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Vivekananda, Swami


Swami Vivekananda

Vivekananda was born in 1863 of an affluent family.  He was given the name of Narendra.  As a boy he showed signs of interest in spirituality as he meditated.  He was very clever and excelled in both academic studies and sports.

In 1881 at the age of 17 he went to see Ramakrishna who was well known as a spiritual teacher.  On meeting Narendra asked, `Have you seen God?`  Most of the teachers he had asked this before were unable to say they had.  Ramakrishna`s reply was that he saw God more clearly than he saw Narendra.  Narendra was convinced and remained his pupil until the death of Ramakrishna in 1886. In 1884 Narendra`s father died leaving the family penniless and he was faced with supporting his family but at the same time spending much time with Ramakrishna and his followers. 

In 1886 Ramakrishna developed throat cancer and died in 1886. After his death the close circle of followers formed a monastic order of poverty and meditation.  Narendra took the name of Vivekananda and as leader of the group became Swami Vivekananda. In 1890 he began a pilgrimage and took the life of a sannyasi – a penniless beggar.  He also formed the organisation Ramakrishna Mission whose aim was to help the poor.  During this time he began to be well known.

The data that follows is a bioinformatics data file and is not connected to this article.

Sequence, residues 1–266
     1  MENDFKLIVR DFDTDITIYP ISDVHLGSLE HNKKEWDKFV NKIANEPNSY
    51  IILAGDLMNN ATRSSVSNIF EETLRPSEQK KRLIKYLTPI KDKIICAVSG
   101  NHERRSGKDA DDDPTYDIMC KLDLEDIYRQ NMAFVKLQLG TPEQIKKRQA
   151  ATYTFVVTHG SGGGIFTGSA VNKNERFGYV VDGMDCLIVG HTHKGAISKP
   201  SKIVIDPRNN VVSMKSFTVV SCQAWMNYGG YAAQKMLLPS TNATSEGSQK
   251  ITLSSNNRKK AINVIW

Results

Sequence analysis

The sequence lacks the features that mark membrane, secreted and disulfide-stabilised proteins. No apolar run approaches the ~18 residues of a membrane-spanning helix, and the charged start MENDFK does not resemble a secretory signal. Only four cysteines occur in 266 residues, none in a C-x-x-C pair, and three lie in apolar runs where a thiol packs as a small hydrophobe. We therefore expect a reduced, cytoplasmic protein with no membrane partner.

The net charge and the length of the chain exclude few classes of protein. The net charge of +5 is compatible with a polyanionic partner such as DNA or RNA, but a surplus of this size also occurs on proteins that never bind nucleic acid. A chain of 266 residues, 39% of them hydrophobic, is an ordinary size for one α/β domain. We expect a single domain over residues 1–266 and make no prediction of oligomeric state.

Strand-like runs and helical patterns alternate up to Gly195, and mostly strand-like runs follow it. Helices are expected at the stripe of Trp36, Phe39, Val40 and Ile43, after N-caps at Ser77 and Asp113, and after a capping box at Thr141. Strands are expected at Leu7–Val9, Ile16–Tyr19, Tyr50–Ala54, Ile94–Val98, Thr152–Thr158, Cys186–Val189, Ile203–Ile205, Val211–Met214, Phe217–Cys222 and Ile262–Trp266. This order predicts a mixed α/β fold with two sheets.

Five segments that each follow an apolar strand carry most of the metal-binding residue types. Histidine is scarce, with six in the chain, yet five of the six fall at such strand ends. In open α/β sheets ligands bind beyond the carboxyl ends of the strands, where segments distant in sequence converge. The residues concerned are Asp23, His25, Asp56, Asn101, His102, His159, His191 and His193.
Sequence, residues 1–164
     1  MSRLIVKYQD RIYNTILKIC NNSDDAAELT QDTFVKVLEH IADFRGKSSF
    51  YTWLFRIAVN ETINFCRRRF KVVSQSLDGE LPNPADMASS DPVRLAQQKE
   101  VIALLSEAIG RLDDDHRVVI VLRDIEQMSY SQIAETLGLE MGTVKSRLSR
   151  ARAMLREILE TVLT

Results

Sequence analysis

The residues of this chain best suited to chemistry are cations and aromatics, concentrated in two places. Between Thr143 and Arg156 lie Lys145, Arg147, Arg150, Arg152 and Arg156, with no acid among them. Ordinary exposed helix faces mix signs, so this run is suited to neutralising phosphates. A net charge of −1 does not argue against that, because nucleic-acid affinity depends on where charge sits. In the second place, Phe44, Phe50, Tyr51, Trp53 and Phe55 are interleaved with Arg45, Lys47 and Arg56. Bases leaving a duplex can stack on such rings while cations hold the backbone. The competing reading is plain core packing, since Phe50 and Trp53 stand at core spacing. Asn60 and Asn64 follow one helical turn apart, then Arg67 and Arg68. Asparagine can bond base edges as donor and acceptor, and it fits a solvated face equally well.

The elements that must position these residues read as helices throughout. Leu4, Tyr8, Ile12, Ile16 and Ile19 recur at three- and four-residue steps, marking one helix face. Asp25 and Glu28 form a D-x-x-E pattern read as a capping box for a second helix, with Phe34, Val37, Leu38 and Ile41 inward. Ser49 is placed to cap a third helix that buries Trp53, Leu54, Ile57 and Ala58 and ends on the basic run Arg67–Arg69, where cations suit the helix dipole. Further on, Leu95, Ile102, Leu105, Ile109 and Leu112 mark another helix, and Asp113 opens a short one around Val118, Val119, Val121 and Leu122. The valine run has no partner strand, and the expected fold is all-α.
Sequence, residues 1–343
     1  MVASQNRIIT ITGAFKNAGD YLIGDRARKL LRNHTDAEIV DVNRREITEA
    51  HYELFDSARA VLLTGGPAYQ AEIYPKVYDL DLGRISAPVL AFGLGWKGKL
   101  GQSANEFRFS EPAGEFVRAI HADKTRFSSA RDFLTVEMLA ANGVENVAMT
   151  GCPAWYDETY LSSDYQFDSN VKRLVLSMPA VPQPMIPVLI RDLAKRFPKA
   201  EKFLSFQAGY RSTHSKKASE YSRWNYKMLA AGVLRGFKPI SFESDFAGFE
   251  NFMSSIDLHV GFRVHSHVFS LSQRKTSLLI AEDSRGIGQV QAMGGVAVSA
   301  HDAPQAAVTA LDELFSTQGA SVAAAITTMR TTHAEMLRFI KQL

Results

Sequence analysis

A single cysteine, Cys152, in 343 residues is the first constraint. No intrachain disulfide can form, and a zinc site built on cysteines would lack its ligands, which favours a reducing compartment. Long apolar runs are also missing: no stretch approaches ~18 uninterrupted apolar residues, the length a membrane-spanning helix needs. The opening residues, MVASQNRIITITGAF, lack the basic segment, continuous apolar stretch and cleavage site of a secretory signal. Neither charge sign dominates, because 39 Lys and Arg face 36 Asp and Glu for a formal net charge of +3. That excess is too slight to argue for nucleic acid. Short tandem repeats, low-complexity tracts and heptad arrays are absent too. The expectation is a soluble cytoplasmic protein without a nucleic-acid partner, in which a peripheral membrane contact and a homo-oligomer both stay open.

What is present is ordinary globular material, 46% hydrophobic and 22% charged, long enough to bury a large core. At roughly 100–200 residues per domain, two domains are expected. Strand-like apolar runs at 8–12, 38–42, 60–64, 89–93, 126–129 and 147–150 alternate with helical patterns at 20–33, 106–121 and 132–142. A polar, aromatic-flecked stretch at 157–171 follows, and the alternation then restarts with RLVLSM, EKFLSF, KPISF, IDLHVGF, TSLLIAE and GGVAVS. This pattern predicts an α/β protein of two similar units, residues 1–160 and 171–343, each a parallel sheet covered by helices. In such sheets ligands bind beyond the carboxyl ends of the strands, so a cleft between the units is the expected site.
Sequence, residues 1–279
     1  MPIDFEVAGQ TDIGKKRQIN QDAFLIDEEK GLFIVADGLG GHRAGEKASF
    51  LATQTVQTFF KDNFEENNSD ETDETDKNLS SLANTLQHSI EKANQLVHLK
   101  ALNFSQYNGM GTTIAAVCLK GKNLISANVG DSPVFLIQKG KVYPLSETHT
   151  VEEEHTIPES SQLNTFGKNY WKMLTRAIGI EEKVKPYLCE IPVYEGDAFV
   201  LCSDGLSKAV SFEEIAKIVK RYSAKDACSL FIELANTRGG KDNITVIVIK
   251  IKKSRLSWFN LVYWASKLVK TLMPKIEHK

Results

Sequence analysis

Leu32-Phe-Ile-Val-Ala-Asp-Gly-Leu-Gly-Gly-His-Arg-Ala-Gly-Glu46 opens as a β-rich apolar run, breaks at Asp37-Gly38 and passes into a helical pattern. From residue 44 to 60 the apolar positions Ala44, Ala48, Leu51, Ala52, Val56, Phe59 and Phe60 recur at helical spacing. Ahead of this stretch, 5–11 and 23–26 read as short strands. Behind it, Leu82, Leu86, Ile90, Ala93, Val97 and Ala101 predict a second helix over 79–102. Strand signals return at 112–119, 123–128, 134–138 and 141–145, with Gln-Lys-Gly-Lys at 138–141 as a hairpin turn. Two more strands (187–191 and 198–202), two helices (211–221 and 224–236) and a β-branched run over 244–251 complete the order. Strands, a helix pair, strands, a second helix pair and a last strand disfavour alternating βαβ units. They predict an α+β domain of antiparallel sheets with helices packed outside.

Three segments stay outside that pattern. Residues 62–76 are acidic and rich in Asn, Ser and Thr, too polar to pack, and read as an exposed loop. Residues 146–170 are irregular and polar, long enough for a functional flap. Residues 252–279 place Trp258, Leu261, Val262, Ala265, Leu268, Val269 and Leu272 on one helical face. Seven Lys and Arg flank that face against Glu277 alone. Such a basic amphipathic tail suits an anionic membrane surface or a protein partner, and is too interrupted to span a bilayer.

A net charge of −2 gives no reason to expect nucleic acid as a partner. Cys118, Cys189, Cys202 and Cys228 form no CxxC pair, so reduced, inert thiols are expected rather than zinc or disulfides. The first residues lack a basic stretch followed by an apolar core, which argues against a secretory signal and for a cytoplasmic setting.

In 1893 he travelled to Chicago and addressed the World Parliament of Religions with great acclaim.  He then spent some time in America and Europe lecturing on Indian spirituality, Hinduism and Vedanta.

When he returned to India in 1897 he was a national hero and travelled all over India being met by huge crowds who often unharnessed the horses of his carriage and pulled it by hand.  The work of Ramakrishna Mission expanded focusing on personal illumination and social service.

Sw Vivekananda died on July 4 in 1902.  Having spent a normal day he retired to his room in the early evening giving instruction that he did not wish to be disturbed.  He achieved mahasamadhi later that evening while meditating.

Swami Vivekananda is credited with having introduced Vedanta and Yoga to the west.  He is regarded as a great Jnana Yoga (the yoga of knowledge and wisdom) but should also be seen as an equally important Karma Yogi (the yoga of service and duty).

Sw Shantananda Brahmendra Avadhut/Derek Osborn 2014

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